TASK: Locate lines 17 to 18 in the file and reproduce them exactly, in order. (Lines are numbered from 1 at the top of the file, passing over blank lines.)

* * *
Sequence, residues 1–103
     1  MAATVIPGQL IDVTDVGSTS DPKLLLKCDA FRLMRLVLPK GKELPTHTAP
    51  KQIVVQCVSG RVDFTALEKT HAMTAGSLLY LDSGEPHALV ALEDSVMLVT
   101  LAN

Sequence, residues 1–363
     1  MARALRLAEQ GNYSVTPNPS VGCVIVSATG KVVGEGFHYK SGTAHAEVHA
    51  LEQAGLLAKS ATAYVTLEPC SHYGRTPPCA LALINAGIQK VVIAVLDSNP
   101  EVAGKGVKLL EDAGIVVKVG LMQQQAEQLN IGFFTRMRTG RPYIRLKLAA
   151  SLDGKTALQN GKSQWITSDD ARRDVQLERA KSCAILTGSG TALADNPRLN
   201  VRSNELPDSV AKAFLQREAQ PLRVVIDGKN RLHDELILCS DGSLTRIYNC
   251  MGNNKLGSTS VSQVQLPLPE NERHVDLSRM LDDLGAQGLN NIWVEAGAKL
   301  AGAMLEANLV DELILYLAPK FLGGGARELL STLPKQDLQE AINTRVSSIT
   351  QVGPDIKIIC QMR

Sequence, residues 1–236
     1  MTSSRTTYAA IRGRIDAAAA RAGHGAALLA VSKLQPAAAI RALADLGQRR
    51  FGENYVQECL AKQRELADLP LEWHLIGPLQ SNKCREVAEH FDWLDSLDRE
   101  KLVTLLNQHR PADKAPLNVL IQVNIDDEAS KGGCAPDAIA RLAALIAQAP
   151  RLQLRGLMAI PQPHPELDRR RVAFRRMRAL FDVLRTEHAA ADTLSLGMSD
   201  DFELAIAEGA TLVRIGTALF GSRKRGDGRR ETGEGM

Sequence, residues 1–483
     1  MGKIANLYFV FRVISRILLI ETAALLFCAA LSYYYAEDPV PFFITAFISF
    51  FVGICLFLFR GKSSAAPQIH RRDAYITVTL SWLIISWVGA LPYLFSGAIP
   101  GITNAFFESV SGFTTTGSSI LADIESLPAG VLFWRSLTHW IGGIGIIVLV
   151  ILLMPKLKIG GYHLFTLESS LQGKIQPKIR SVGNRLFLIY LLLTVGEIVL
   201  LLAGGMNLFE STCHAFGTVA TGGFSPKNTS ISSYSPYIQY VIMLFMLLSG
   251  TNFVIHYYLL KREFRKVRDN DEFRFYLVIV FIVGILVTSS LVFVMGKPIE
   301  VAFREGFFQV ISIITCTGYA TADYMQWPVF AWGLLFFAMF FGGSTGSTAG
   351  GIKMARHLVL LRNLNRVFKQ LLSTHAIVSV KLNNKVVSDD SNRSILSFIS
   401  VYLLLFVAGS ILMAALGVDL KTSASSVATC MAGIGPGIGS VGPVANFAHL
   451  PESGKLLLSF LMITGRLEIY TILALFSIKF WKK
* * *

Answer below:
   101  KLVTLLNQHR PADKAPLNVL IQVNIDDEAS KGGCAPDAIA RLAALIAQAP
   151  RLQLRGLMAI PQPHPELDRR RVAFRRMRAL FDVLRTEHAA ADTLSLGMSD